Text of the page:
Global Declaration For River Dolphins:
In a ground-breaking development, 11 Asian and South American countries recently signed a global declaration, the “Global Declaration for River Dolphins,” aimed at preserving the world’s six remaining river dolphin species.
- Global Declaration for River Dolphins is designed to guide 14 nations where river dolphins inhabit, with a focus on responsible freshwater dolphin conservation.
- It aims to halt the decline of all river dolphin species and increase the most vulnerable populations.
- The declaration will escalate collaborative endeavours to safeguard the surviving river dolphin species.
- Countries that adopted the declaration include Bangladesh, Bolivia, Brazil, Cambodia, Colombia, Ecuador, India, Nepal, Pakistan, Peru, and Venezuela.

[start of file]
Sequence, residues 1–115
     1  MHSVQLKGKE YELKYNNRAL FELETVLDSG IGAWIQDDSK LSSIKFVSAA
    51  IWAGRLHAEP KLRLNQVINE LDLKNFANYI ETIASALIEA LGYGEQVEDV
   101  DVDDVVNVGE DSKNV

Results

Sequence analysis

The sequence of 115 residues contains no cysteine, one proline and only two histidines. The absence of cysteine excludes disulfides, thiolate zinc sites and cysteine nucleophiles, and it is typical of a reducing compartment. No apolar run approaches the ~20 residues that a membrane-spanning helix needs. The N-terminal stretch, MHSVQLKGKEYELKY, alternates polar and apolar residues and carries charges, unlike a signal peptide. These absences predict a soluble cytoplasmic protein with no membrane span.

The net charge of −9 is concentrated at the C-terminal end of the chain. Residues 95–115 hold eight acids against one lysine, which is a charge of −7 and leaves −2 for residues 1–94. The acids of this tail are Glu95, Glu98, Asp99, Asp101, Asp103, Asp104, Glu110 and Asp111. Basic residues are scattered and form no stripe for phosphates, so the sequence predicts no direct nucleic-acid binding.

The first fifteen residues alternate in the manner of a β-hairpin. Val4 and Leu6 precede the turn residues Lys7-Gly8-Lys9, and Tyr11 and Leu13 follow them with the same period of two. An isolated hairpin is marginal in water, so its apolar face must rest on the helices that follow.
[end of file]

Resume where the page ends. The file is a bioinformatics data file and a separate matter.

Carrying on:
- The countries involved agreed to improve water quality in the dolphins’ habitat, create protected areas, tackle overfishing, and involve Indigenous communities in the affected regions in protecting the animals.
- River dolphins are any of six species of small, usually freshwater aquatic mammals that are related to whales (Order Cetacea).
- A seventh river dolphin species, the Chinese river dolphin, or baiji, was declared extinct in 2007.
- All six species of river dolphins are classified as Endangered or Critically Endangered on the IUCN Red List of Threatened Species.